Affinity space is not really a buzz word. It is a place, in this case an online forum, where people pariticipate in a community of interest. We share stories and experiences based on geocaching and what we have learned and what we can teach others. I believe students can use such a sport to access many subject areas in school, including literacy, geography, history, mathematics, and science. As for the forum, I am learning quite a few things about caching that I didn't know before, based on my inexperience of the sport. What I am looking for is interactions that back up many of Gee's theories relevant to intergrating various video games, online forum pariticioation, MMOG, Facebook, Twitter, and the list goes on. My research is going to be based on many of my caching adventures, in which I have neglected to log the last 5 oe 6, forum pariticipation, and more consistent logging of my finds.

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Once again with the 'affinity-space' buzzword/term! :rolleyes:

 

Can you speak plain English, perhaps? :unsure:

 

I have had logs on my caches from groups of cachers stating they were a part of some sort of school group.

 

I have found caches that were apparently place by an after-school activity group.

 

So, yes, geocaching can be incorporated into the 'affinity space' of the traditional education system. I guess.

 

It would be questionable as to how much a student could learn by participating in these forums. They would likely be directed to a series of links to pages in the guidelines, and previously discussed topics without actually getting answers to their actual questions.

 

Moreover, unsupervised participation in these forums by persons under a certain age (14?) is inadvisable, and actually prohibited.

 

Affinity space is not really a buzz word. It is a place, in this case an online forum, where people pariticipate in a community of interest. We share stories and experiences based on geocaching and what we have learned and what we can teach others. I believe students can use such a sport to access many subject areas in school, including literacy, geography, history, mathematics, and science. As for the forum, I am learning quite a few things about caching that I didn't know before, based on my inexperience of the sport. What I am looking for is interactions that back up many of Gee's theories relevant to intergrating various video games, online forum pariticioation, MMOG, Facebook, Twitter, and the list goes on. My research is going to be based on many of my caching adventures, in which I have neglected to log the last 5 oe 6, forum pariticipation, and more consistent logging of my finds.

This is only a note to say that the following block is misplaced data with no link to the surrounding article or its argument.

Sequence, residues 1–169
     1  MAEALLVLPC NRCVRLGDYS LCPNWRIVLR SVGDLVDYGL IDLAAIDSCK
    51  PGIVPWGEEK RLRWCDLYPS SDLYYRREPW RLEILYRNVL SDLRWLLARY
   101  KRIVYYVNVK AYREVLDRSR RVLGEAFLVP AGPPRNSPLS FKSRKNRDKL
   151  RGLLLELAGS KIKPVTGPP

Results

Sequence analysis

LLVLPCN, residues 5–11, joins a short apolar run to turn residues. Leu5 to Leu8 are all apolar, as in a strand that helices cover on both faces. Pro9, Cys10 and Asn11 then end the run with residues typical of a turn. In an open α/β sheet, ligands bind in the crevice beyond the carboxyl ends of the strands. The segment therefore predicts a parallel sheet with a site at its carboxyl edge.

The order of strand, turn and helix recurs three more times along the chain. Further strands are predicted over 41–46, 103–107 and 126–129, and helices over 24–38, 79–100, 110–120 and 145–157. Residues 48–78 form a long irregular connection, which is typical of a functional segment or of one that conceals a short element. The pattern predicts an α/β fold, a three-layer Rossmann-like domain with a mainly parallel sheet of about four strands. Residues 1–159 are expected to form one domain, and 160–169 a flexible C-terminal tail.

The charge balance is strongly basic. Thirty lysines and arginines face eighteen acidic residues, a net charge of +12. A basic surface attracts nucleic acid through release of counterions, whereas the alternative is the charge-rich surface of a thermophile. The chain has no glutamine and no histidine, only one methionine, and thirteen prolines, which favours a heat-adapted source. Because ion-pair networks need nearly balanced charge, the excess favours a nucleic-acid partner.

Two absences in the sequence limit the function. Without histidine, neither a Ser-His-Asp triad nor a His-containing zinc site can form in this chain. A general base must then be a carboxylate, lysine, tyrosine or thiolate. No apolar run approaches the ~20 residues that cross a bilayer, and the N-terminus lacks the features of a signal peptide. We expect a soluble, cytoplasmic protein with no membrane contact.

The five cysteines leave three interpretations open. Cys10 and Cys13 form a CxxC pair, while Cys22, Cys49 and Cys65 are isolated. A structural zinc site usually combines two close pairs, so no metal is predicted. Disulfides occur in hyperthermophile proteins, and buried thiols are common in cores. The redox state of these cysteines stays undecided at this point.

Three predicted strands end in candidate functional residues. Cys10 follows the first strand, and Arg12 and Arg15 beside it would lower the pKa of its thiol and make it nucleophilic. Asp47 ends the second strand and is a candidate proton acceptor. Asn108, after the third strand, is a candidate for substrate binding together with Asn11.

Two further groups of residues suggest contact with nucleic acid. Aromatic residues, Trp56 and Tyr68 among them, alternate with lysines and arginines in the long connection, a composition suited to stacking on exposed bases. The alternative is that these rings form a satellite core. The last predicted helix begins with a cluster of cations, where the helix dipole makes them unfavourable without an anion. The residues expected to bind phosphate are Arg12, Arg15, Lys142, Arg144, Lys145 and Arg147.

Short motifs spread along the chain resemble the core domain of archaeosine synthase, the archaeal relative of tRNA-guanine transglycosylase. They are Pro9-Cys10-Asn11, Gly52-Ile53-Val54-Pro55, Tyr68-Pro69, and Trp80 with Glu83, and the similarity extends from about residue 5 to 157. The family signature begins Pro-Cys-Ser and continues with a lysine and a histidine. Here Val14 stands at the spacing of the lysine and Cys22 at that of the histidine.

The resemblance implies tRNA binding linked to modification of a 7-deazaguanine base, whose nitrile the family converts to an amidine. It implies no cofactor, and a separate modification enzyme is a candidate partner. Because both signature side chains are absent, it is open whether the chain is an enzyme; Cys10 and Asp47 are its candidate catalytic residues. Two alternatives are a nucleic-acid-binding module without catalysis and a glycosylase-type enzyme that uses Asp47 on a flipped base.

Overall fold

I think you are talking about asking people to join your site. Is it about geocaching? You got me. I think the thread should be locked until you have permission to advertise.

Edited by BlueDeuce

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Moving from the Geocaching Topics forum.

 

how do you figure? Can you explain further? How is learning withing this online community (affinity space) not relevant to the topic?

You already had an open thread in the Geocaching Topics forum, asking people about their forum experience. In searching for a reason not to lock this thread as a duplicate or merge this thread into the older one, I saw the discussion in your post about using geocaching as part of an educational curriculum. Ignoring the potty language violation, I opted instead to move your thread over here since it seemed to relate to Education. If you'd prefer, however, I can merge this back into your first thread.

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I think the thing that bothers me most is not your self-absorption but your complete disregard for the people you are asking to participate. Invite me to your next convention.